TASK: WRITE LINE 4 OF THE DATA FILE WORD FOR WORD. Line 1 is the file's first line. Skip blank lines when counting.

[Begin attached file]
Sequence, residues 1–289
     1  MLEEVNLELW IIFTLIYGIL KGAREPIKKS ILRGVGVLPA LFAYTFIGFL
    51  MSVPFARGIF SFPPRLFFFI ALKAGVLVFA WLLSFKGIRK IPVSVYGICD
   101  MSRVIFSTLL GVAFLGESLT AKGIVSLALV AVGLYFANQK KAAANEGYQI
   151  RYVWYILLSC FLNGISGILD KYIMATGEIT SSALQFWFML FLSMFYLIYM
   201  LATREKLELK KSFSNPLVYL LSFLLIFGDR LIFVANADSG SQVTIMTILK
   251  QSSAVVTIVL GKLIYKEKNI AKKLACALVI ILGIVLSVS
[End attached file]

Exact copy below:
   101  MSRVIFSTLL GVAFLGESLT AKGIVSLALV AVGLYFANQK KAAANEGYQI